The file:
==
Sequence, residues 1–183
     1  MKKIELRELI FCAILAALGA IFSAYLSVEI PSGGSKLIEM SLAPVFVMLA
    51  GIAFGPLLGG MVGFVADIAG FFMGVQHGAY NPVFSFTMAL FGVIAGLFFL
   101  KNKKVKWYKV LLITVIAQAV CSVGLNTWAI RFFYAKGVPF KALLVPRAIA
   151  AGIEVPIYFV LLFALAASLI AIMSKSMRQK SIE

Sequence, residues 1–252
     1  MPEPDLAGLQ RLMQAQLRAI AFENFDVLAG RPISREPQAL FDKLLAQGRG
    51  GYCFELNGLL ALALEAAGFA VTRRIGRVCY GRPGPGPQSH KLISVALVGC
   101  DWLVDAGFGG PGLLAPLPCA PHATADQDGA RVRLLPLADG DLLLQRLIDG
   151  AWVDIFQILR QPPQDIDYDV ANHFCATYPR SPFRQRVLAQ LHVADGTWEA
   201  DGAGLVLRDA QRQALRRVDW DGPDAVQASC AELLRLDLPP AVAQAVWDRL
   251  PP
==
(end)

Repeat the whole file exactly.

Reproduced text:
Sequence, residues 1–183
     1  MKKIELRELI FCAILAALGA IFSAYLSVEI PSGGSKLIEM SLAPVFVMLA
    51  GIAFGPLLGG MVGFVADIAG FFMGVQHGAY NPVFSFTMAL FGVIAGLFFL
   101  KNKKVKWYKV LLITVIAQAV CSVGLNTWAI RFFYAKGVPF KALLVPRAIA
   151  AGIEVPIYFV LLFALAASLI AIMSKSMRQK SIE

Sequence, residues 1–252
     1  MPEPDLAGLQ RLMQAQLRAI AFENFDVLAG RPISREPQAL FDKLLAQGRG
    51  GYCFELNGLL ALALEAAGFA VTRRIGRVCY GRPGPGPQSH KLISVALVGC
   101  DWLVDAGFGG PGLLAPLPCA PHATADQDGA RVRLLPLADG DLLLQRLIDG
   151  AWVDIFQILR QPPQDIDYDV ANHFCATYPR SPFRQRVLAQ LHVADGTWEA
   201  DGAGLVLRDA QRQALRRVDW DGPDAVQASC AELLRLDLPP AVAQAVWDRL
   251  PP